Failed ADP Testing, What Now?

My plan failed the Average Deferral Percentage ("ADP") test; what happens next? 

There is no reason for panic or alarm. The IRS requires this test annually to ensure that the plan is considered ‘balanced’ in how employees use it; it is not unusual for higher compensated employees to save more on average than rank-and-file employees -- but regulations require that the balance does not skew too far in their favor. If your plan falls out of balance, it is fairly easy to resolve and avoid any negative long-term consequences and penalties. Read the below article to assist you in understanding your options.

Review Test

Review the ADP test results on the sponsor portal by logging in & going to My Plan > Annual Testing > Test Results. Review the test results and make sure you agree with:

  1. The group of employees listed as eligible for the plan year.
  2. The group of employees was determined to be Highly Compensated Employees (“HCEs”). To see how this is determined, see the What Is Compliance Testing article.
  3. The group of employees was determined to be non-Highly Compensated Employees (“NHCEs”). To see how this is determined, see the What Is Compliance Testing article.
  4. The deferral amounts for each employee.
  5. The compensation amount for each employee.

The accuracy of the compliance tests is dependent on the above items being correct. If Vestwell records were used to complete the testing and determined that the records were not accurate, the test results may change. If you notice any errors or updates, please email us, and we can update the records and revise the test. There will be a charge of $150 per hour for revised testing based on data changes. Therefore, it is in your best interest to ensure all information provided to Vestwell is accurate when submitting the census and year-end questionnaire.

The test results report will show the two correction methods available to you:

  • Refund (Distribution) Method.
  • Employer Contribution Method.

Refund Method - I want to correct this by refunding (distributing) excess amounts to impacted employees; how does this work?

The test results will show the total amount of corrective distributions per HCE. Once Vestwell receives confirmation to proceed with the refund method, a check will be issued to each affected HCE for their respective corrective distribution amount. Once the corrective distributions have been refunded, they are included as income and no longer qualified retirement money. This means:

  • The corrective distributions are not eligible for rollover into a qualified retirement plan.
  • The corrective distributions are not subject to the 10% penalty tax for normal pre-retirement distributions.
  • The corrective distributions will be subject to ordinary income tax.
  • The corrective distributions will be reported via 1099-R for the year of distribution (not the year deferred).

To expand on the last point, the IRS requires the corrective ADP refund distributions to be included as taxable income in the year the check is received. This means that if a plan:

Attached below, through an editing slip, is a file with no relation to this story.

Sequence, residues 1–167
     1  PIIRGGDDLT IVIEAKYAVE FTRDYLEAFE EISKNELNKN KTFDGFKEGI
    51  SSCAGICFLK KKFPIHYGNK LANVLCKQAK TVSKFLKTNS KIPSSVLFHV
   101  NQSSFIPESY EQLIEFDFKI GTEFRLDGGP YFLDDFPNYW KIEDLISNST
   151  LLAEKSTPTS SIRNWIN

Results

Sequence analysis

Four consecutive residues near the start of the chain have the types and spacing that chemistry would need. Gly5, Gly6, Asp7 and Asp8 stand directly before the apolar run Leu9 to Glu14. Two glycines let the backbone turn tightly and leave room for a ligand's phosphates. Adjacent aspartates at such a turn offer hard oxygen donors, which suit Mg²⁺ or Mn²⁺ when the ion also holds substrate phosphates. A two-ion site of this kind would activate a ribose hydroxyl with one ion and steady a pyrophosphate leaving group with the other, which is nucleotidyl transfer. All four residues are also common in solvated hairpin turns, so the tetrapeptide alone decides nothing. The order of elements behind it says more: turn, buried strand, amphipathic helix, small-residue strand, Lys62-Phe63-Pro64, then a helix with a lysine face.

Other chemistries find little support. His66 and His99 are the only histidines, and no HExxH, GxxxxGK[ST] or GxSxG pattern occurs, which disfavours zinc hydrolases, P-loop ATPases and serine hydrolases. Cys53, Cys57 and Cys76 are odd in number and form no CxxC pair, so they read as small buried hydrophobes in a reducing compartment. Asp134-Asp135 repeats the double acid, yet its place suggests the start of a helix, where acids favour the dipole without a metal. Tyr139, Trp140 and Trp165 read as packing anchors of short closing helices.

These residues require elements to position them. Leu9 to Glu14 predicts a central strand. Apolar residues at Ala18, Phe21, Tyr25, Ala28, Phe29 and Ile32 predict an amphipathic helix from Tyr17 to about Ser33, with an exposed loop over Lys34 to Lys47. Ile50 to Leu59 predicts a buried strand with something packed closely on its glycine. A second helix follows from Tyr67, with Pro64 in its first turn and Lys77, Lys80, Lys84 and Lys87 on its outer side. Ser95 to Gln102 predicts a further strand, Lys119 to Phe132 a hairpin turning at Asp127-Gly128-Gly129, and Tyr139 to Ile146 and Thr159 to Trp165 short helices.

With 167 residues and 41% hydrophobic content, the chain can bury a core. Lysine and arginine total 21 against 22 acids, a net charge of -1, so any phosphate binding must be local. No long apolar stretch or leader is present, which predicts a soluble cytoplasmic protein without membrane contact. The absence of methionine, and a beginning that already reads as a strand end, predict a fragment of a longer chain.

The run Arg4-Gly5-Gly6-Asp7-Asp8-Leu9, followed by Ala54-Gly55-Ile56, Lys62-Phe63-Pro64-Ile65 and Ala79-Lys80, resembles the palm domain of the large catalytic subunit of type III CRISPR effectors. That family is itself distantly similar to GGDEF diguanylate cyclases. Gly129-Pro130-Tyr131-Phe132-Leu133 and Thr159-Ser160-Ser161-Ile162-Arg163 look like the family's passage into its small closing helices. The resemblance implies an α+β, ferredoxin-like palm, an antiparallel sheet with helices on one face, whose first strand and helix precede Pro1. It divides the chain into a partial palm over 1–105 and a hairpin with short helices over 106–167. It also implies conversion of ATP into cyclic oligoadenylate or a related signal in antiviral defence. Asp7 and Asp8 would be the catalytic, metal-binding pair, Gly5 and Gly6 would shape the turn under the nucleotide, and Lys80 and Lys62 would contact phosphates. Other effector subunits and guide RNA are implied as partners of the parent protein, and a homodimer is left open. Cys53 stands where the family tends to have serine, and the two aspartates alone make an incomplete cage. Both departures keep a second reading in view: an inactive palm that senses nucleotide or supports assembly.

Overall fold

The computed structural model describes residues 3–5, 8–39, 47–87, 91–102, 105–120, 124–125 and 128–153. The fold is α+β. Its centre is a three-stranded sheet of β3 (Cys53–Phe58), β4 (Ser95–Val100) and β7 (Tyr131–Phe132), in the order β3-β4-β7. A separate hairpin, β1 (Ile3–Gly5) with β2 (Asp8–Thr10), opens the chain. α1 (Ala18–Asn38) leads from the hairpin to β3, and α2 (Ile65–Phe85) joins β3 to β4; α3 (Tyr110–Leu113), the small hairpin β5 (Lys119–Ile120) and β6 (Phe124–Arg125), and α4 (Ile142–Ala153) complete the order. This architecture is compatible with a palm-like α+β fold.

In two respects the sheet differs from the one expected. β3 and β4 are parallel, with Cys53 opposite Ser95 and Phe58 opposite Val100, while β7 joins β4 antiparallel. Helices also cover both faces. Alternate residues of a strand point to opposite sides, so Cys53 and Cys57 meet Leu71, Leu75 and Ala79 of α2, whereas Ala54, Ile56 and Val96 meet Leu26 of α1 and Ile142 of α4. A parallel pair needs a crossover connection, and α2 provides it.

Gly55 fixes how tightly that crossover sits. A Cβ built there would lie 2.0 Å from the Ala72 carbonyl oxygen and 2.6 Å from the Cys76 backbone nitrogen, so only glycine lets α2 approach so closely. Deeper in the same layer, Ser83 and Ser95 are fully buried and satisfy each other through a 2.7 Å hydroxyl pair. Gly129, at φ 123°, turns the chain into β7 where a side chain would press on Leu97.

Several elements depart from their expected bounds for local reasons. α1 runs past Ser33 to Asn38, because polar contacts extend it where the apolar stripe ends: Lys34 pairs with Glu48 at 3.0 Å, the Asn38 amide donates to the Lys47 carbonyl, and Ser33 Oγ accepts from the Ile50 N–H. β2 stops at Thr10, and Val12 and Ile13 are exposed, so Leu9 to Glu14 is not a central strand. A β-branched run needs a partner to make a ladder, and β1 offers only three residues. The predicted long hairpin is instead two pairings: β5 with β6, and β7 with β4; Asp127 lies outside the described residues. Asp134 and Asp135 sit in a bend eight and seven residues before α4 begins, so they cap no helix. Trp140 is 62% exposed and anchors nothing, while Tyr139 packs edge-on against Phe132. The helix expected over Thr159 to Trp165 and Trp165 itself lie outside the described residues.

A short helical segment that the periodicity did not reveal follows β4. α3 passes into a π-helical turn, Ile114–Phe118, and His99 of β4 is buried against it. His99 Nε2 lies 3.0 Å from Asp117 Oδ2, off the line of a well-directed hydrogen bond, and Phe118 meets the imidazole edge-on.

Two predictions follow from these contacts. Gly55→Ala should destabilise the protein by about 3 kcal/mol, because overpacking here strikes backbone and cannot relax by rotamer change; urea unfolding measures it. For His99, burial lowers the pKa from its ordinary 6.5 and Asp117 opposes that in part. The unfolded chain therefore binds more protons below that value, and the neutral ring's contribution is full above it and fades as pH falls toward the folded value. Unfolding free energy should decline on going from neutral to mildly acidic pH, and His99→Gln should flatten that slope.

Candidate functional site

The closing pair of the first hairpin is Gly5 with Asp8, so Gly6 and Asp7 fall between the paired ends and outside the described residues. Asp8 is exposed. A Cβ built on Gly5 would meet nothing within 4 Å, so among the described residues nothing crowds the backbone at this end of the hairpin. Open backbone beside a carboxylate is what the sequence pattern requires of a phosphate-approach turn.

1. Failed the ADP test for the 2023 plan year and
  2. Chose to use the refund method to correct the failure and
  3. Had corrective distributions in a timely manner by March 15, 2024.

The HCE would receive a check for the corrective distributions in March 2024 with no change to their 2023 W-2. The HCE would receive a 1099-R in January 2024 for use in preparing their 2023 income taxes. The corrective ADP refund distribution is reported as taxable income for the 2024 year, NOT 2023.

What happens if the refunds are distributed after March 15th?

If corrective distributions are refunded after March 15th, the taxation described above does not change; however, the sponsor is responsible for paying a 10% excise tax on the total amount of corrective distributions. Vestwell will prepare the required Form 5330 on behalf of the sponsor and calculate the total excise tax amount. Form 5330 and a check for the excise tax amount must be mailed to the IRS for the failure to be considered correct in full.

Please note: these timeframes describe deadlines associated with plan years ending December 31, 2023. Due dates for ADP test refunds are dependent on the date the plan year ends.

QNEC Method - I want to make an Employer Contribution to avoid refunds to my employees. How does that work?

Vestwell can alternatively calculate an additional employer contribution for non-highly compensated employees, called a QNEC,  to bring the test to a passing level. The sponsor will need to weigh the economics of making QNECs as an employer cost versus the cost to highly compensated employees receiving refunds for the year, increasing their taxable income. 

Note that QNECs must be 100% vested, regardless of the employee’s length of service. To note, the Plan’s forfeiture balance may be used to pay for some or all of the QNEC. QNECs must be deposited to the plan no later than 12 months following the close of the plan year for which they are allocated - meaning, by December 31, 2024, if made for the plan year ending December 31, 2023. The employer may typically take a deduction as a business cost for the QNEC contribution amount not funded by forfeitures.